The company of a beautiful muse has inspired men across the arts. Zelda Fitzgerald, wife of writer F Scott Fitzgerald, is said to have been the real-life model for golden girl Daisy Buchanan in The Great Gatsby, while Marianne Faithfull was muse to rocker Mick Jagger. And Alma Mahler was muse to composer Gustav Mahler, the architect Walter Gropius and artist Gustav Klimt, with whom she shared her first kiss.

A muse is used regularly by many well-known male artists. However, there are few instances where female artists have turned men into muses. The few examples include Charlotte Bront's unrequited yearning for the married Monsieur Constantin Heger, her tutor, who became the model for Mr Rochester in Jane Eyre and for Paul Emmanuel in Villette, and Emily Dickinson's passion for her unidentified "Master" to whom she addressed some of her most fevered poems.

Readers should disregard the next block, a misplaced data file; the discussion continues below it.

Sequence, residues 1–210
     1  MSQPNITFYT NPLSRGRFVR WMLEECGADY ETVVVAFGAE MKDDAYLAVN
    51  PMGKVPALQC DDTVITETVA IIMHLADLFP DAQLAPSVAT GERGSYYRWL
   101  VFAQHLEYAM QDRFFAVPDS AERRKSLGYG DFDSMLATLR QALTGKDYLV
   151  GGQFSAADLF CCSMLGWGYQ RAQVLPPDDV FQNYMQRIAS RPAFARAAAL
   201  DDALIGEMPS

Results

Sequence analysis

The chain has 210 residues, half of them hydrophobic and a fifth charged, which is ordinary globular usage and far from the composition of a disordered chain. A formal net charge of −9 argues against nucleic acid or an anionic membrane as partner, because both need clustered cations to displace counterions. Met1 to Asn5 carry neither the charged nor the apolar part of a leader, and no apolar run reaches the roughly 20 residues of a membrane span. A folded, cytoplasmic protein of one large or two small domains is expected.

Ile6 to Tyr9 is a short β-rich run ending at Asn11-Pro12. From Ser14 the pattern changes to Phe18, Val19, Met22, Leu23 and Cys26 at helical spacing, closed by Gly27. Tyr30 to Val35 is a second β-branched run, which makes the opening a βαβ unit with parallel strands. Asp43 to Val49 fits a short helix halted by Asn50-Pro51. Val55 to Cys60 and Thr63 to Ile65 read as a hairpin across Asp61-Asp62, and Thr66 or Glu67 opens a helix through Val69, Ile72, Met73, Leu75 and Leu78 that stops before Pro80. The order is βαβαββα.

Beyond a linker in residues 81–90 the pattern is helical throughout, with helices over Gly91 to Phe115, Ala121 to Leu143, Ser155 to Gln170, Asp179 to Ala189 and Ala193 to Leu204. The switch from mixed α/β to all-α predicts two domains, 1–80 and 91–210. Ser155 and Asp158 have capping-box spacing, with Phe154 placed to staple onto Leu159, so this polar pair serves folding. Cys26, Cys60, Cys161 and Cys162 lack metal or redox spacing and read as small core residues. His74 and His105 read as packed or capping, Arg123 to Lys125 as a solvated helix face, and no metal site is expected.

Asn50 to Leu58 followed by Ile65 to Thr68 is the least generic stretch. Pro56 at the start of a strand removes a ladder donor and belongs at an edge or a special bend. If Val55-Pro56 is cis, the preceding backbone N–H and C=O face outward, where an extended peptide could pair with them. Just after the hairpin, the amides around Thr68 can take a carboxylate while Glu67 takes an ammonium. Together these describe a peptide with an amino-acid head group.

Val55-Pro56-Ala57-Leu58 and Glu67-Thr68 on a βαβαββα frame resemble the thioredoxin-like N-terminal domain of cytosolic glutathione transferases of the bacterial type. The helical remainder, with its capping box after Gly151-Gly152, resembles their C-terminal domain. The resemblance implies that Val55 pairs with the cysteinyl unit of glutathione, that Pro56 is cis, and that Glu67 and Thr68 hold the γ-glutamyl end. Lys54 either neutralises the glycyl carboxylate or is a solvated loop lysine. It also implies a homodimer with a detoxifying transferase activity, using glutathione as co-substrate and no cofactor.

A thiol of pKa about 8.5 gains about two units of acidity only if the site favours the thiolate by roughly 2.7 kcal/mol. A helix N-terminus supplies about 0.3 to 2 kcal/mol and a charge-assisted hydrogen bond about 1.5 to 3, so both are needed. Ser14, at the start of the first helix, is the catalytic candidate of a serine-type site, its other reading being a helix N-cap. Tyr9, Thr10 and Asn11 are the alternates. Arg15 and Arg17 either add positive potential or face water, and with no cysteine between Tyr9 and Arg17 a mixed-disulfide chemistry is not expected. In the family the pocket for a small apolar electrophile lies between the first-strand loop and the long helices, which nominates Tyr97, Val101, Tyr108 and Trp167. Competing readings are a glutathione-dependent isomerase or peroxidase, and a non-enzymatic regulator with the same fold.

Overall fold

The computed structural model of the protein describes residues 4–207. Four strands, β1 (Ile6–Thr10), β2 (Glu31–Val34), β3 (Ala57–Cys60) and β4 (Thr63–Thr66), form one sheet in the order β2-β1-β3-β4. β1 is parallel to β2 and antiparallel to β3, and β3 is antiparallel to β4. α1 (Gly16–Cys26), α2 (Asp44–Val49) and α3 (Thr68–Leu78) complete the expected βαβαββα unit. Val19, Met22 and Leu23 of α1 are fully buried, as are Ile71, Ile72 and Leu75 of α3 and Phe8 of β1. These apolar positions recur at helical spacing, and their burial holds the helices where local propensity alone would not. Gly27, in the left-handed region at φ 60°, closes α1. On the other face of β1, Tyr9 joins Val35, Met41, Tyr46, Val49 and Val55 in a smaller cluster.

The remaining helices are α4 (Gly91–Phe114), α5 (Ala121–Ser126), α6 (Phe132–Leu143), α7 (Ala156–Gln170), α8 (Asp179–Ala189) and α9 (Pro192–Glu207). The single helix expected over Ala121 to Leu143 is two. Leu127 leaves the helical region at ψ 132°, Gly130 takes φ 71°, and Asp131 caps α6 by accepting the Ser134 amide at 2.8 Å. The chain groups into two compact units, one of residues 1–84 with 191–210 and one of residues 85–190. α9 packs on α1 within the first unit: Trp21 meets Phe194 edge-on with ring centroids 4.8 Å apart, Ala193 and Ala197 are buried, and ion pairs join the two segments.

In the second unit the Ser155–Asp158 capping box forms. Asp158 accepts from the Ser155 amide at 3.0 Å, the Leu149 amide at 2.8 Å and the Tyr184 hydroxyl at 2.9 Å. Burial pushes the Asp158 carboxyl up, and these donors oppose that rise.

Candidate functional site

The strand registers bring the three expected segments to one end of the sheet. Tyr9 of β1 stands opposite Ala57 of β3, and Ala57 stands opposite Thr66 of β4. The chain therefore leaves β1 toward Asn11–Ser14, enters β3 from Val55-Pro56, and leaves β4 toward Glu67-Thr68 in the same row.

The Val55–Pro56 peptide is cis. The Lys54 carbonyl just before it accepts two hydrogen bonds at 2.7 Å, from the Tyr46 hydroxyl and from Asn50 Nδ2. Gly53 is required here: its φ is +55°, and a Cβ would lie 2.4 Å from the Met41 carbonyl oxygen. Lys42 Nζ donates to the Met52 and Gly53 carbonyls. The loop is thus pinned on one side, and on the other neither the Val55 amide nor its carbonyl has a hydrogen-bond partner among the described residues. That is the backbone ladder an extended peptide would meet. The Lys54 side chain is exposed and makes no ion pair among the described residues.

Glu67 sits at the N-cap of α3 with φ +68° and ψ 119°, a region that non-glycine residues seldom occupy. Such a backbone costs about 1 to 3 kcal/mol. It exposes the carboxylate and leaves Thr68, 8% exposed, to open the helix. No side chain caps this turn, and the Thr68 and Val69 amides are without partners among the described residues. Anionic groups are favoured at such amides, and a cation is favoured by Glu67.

In her book The Lives of the Muses: Nine Women and the Artists They Inspired, Francine Prose writes: "Artists rarely create for the muse, to win or keep the muse's love and admiration, but rather for themselves , for the world, and for the more inchoate and unquantifiable imperatives of art itself. Muses are merely the instruments that raise the emotional and erotic temperature high enough, churn up the weather in a way that may speed and facilitate the artist's labours.''

These women have sparked incredible works of art, literature and music. We've picked five such women, to examine their lives, the men who loved them and the work they inspired.